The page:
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Understanding Voluntary Transfers In Ireland


Understanding Voluntary Transfers In IrelandThis article considers the pitfalls of voluntary transfers in Ireland, the ability of creditors to set aside voluntary transfers under various sections of legislation in Ireland and the importance of establishing solvency at the time of the voluntary transfer to ensure it withstands close scrutiny.

Voluntary Transfer Explained

Voluntary transfers are usually between related parties where one owner transfers a property to another owner as a gift during their lifetime. No remuneration changes hands. 

For those who are insolvent executing such deeds is not an option, however for those who remain solvent, voluntary transfers may be an effective method of protecting their assets, depending on a range of circumstances.

Before any mechanism is employed to protect assets, consideration should be given to any possible current or future claims by creditors. In particular this should be examined when executing a voluntary deed.

When Can A Voluntary Transfer Be Set Aside?


In Ireland, voluntary transfers may be valid but they may be liable to be set aside. Pursuant to the Bankruptcy Act 1988 should the donor be declared bankrupt within 2 years of the voluntary transfer, even if the donor was in fact solvent at the time of the transfer, the transfer can be declared void.

The voluntary transfer can also be set aside if bankruptcy occurs within 5 years of the transfer, but after the 2 year period has passed, although there would be a defence for the donor should s/he be able to demonstrate that s/he was solvent at the time of the transfer being executed. Under the Personal Insolvency Act 2012 certain provisions regarding fraudulent transfers or settlements of assets by the applicant for bankruptcy have been extended to 3 years.

Land & Conveyancing Law Reform Act 2009

Under Section 74 of the Land and Conveyancing Law Reform Act 2009, any voluntary disposition of land made with the intention of defrauding a creditor of the land is voidable by that creditor. However, a voluntary disposition is not to be read as intended to defraud merely because a subsequent disposition of the same land was made for valuable consideration. There is no time limit on this provision, although the intent to defraud would have to be proven, which in itself could present difficulties.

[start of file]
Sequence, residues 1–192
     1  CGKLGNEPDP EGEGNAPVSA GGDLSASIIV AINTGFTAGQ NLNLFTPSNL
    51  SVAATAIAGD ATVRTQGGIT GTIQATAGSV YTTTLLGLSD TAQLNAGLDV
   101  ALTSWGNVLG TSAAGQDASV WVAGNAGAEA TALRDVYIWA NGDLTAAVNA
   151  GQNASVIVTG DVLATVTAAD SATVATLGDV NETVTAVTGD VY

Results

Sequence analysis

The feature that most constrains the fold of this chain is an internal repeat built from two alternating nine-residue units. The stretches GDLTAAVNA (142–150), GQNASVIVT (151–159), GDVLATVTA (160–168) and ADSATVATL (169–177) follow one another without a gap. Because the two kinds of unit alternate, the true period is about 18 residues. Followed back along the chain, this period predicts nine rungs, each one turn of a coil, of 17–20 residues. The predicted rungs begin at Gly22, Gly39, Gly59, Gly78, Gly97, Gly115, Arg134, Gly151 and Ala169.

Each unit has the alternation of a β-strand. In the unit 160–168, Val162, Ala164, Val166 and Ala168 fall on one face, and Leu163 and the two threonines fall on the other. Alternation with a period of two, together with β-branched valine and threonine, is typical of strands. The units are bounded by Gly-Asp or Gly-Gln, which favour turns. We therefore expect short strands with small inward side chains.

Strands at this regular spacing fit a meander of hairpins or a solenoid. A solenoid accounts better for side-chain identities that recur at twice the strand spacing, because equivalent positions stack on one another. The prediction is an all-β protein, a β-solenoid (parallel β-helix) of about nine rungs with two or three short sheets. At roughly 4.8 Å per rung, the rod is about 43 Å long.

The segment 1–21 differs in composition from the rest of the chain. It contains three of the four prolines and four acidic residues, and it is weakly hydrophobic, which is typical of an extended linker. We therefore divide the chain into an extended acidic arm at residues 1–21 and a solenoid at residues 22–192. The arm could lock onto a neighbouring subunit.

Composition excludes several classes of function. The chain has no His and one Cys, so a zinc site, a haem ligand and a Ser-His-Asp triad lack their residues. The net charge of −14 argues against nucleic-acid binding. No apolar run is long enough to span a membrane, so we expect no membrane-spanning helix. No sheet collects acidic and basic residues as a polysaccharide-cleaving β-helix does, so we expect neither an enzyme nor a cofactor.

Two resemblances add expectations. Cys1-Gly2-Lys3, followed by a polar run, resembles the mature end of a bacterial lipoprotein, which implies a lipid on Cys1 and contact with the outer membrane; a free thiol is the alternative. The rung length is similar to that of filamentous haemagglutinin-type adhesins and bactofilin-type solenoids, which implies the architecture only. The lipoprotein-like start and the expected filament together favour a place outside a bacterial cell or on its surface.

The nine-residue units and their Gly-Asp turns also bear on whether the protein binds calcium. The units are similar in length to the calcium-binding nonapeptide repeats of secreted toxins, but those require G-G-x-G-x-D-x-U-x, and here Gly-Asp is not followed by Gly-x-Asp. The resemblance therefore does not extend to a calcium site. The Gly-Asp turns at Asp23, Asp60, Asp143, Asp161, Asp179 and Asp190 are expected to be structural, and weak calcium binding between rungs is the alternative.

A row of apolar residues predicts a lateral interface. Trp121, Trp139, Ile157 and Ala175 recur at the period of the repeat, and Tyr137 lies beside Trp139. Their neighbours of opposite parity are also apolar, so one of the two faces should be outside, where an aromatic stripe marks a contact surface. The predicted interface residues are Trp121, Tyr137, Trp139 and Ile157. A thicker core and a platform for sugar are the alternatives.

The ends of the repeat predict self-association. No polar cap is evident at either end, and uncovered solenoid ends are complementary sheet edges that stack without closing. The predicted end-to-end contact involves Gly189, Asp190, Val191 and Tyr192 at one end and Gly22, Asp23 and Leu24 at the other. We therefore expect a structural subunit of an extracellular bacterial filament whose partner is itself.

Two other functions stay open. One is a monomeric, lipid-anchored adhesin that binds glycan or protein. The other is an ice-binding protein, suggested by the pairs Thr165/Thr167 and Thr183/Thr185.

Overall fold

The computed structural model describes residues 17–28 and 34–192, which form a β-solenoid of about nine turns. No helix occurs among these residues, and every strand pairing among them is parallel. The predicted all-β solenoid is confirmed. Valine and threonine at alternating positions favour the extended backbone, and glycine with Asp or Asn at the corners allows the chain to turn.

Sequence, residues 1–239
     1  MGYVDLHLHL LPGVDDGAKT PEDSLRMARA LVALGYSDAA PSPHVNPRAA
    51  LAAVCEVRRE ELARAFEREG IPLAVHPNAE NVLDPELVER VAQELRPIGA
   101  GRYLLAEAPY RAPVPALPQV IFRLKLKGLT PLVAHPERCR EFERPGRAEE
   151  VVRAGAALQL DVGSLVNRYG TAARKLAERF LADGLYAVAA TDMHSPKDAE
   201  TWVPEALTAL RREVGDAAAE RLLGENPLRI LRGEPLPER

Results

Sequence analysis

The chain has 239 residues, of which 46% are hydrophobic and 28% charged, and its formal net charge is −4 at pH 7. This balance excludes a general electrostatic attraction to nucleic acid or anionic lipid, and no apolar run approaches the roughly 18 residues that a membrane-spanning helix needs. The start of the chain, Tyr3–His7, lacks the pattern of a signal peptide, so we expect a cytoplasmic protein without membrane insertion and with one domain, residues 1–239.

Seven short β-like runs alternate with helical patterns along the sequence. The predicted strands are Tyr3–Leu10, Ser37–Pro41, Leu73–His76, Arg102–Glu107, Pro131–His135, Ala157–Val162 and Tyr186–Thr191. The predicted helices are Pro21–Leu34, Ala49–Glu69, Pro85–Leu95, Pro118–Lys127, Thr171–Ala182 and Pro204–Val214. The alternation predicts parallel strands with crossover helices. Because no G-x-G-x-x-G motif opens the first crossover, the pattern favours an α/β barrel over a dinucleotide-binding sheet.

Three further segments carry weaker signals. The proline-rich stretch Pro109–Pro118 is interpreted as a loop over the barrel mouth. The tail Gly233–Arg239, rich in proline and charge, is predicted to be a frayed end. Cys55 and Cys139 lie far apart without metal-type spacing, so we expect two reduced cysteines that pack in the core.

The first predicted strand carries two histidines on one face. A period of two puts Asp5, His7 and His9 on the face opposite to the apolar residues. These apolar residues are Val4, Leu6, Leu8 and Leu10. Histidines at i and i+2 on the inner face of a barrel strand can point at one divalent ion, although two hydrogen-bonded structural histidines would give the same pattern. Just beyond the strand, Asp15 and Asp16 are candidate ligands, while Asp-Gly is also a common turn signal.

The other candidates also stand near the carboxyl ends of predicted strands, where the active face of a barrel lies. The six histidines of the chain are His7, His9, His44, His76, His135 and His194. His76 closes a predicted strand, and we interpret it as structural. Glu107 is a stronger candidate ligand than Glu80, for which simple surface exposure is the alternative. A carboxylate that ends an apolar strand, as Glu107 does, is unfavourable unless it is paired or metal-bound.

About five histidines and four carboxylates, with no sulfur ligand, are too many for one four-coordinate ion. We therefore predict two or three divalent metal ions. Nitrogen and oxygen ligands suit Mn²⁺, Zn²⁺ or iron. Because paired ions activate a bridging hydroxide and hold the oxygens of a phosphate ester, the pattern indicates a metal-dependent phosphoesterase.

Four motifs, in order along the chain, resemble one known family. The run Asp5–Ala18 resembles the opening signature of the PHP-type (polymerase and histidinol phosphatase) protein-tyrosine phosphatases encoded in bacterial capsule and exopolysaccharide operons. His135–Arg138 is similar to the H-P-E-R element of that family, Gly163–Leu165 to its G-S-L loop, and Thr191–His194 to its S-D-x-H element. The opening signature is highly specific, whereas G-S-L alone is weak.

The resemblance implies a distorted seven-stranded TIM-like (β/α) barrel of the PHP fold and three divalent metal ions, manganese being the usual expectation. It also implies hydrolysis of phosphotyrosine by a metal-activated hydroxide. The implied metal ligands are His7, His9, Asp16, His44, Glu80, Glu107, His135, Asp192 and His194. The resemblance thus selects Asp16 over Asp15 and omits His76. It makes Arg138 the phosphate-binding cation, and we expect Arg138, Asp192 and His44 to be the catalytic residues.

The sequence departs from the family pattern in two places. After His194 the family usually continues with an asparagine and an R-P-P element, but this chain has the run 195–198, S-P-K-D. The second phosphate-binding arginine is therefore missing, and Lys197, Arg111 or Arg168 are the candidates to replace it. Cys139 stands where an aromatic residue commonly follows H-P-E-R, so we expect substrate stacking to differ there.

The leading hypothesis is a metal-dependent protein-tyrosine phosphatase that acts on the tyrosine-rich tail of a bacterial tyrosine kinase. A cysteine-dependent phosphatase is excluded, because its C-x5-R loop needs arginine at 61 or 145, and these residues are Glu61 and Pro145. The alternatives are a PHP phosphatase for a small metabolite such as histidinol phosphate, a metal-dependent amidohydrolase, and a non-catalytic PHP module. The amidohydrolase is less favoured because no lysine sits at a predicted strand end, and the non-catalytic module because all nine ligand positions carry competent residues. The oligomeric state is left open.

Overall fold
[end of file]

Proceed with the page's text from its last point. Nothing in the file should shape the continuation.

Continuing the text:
National Asset Management Agency (NAMA) Act 2009

Similarly, under Section 211 of the NAMA Act 2009, NAMA has power to apply to Court to set aside transactions executed by a debtor with the effect of prejudicing NAMA.  The Court will be empowered to declare a disposition to be void if, in its opinion, it would be just and equitable to do so.

How A Declaration Of Solvency Can Help Prevent Voidance 

A solicitor drafting a voluntary deed may require that the donor sign a statutory declaration known as a “declaration of solvency”. This confirms that the transfer was effected for natural love and affection without any intent to defraud the donor’s creditors and that the donor was solvent and able to meet his or her other creditors without the benefit of the property transferred.

To provide additional substance to the voluntary transfer and to support the declaration of solvency, it would be prudent that the donor arrange for a professional to prepare a statement of net worth of his/her assets demonstrating his/her solvent status.

Voluntary Transfers To Spouses & Civil Partners

On the transfer of assets from a donor to his/her spouse or civil partner, currently any capital gains tax, capital acquisitions tax or stamp duty that would normally arise are exempt. Accordingly, for taxation purposes, the transfer of assets to the spouse is a very tax efficient method of asset protection.

However, such a transfer may not provide the necessary protection required should the spouse/civil partner be exposed to liabilities in his/her own capacity. There may also be various considerations to be made such as the likelihood of future divorce or separation.

Always Seek Legal & Tax Advice

Any asset protection mechanism, other than a transfer of assets to a spouse or civil partner, is likely to give rise to certain tax implications. Comprehensive legal and tax advice should be sought for all asset protection measures. 

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